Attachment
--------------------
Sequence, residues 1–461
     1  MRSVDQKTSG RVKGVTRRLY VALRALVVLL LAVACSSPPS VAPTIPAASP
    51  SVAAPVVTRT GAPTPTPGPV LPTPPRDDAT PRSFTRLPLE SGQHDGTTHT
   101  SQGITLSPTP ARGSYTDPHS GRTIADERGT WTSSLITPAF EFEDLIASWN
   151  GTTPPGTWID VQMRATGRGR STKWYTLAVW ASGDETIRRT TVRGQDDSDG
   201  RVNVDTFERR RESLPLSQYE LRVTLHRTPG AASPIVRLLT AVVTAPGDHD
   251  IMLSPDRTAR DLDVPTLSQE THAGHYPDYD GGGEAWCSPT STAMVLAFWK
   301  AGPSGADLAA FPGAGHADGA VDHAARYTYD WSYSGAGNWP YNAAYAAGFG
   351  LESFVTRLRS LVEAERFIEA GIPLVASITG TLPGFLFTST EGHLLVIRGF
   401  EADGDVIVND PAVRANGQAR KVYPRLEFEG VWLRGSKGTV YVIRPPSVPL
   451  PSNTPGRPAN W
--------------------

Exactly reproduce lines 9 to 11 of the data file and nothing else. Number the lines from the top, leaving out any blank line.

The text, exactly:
   351  LESFVTRLRS LVEAERFIEA GIPLVASITG TLPGFLFTST EGHLLVIRGF
   401  EADGDVIVND PAVRANGQAR KVYPRLEFEG VWLRGSKGTV YVIRPPSVPL
   451  PSNTPGRPAN W